Coaching Kata is a process by which workers learn how to adopt the Improvement Kata process. Beyond knowing the 4-step process, Coaching Kata helps people apply the tools. With five key questions, you can apply a more systematic approach to problem solving:

  1. What is the target condition or challenge?
  2. What is the actual condition now?
  3. Are any obstacles preventing you from reaching the target condition? What are they? Which one are you addressing right now?
  4. What is your next step?
  5. When can we go and see what we have learned from taking that step?

“Lean organizations seek to identify and eliminate activity. This systematic analysis of processes and value streams to reduce waste, variability, and inflexibility boosts performance in cost control, product quality, customer satisfaction, and employee engagement—often simultaneously.”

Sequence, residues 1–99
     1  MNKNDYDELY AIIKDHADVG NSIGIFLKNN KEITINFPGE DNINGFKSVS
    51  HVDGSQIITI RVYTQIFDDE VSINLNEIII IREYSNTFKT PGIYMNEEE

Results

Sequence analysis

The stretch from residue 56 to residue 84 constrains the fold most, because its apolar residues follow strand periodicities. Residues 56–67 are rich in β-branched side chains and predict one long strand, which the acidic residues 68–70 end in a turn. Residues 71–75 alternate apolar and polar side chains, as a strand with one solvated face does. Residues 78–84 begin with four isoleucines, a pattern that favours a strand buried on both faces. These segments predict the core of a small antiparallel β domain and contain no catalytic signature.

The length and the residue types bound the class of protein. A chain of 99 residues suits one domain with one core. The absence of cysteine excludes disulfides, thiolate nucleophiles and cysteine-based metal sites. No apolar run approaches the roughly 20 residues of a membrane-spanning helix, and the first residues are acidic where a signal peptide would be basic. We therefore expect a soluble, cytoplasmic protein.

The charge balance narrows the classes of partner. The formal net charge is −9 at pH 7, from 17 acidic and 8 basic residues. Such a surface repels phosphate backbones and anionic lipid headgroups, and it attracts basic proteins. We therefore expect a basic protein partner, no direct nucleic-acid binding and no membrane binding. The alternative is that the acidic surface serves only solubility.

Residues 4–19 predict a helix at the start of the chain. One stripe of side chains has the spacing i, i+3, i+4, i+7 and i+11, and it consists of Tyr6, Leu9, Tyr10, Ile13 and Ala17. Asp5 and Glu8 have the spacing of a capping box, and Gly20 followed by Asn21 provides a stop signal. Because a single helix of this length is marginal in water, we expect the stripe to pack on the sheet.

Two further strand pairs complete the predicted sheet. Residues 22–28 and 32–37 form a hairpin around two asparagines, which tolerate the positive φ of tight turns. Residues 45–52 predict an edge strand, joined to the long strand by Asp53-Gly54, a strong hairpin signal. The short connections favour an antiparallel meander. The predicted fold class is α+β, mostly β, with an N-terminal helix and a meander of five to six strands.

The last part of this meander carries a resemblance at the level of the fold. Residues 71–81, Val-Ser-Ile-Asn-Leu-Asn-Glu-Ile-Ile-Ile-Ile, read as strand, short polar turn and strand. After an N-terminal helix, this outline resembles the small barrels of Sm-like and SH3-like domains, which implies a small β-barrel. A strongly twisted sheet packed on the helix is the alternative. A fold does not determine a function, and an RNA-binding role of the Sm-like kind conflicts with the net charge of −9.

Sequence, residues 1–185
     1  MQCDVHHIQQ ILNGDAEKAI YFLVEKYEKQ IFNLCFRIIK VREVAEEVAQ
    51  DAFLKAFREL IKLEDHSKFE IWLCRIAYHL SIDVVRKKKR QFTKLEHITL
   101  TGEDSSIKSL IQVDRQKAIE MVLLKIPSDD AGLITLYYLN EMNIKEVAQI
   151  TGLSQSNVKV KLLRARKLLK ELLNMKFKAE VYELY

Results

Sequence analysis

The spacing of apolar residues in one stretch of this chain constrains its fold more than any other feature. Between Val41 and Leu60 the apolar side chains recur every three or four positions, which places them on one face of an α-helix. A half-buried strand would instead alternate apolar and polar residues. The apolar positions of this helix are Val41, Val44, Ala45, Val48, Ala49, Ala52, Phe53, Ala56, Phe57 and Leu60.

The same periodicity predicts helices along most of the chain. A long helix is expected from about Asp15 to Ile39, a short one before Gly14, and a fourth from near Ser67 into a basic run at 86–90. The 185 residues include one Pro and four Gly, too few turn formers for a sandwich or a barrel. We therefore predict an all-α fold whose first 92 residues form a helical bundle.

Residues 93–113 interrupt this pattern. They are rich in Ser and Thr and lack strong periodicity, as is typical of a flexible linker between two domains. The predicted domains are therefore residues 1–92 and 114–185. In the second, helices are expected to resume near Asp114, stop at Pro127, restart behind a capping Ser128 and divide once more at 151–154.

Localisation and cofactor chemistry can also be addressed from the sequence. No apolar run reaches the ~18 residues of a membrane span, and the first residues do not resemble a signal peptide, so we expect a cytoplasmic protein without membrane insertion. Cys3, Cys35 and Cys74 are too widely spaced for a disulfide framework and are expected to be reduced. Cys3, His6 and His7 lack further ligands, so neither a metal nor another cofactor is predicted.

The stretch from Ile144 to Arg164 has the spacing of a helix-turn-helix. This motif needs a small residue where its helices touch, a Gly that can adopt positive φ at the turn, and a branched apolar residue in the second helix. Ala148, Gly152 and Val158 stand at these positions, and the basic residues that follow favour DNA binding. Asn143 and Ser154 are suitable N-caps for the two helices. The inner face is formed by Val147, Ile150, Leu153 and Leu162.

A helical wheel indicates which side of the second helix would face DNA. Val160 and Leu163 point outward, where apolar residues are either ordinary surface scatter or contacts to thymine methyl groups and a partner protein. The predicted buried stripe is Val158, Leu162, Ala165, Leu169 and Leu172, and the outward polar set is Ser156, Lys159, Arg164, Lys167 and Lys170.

How Can Kata Help You Go Lean?

Going lean is a good idea for many reasons. In addition to the potential of reducing downtime and increasing your bottom line, running a lean maintenance strategy can help you become more efficient overall. 

Here are ways the Kata methodology can help you implement lean manufacturing processes. Kata will help: 

Reduce Risk

Adopting a lean maintenance strategy often involves significant changes to your current operations. The goal is to strip your maintenance operations of any processes that aren’t necessary. This is easier said than done, and figuring out what to cut back on can be challenging. 

Using Kata as a tool can help ensure you make the right choices. A systematic approach, with gradual changes, means you’re not taking any big swings out of nowhere. This reduces the risk of sudden dysfunction in your process. Improvement Kata uses a model called PDCA (Plan-Do-Check-Act). As the name suggests, PDCA involves a cycle of making plans about what to change, making the changes, checking the effect, and either keeping the plans because they work or adjusting them to make sure they work.

The PDCA cycle helps you test out ideas while mitigating risk. Instead of, say, switching overnight from a weekly maintenance schedule to a monthly one, you can make incremental changes to first test out your new schedule, watching for any potential consequences and making adjustments as needed.


Increase Employee Confidence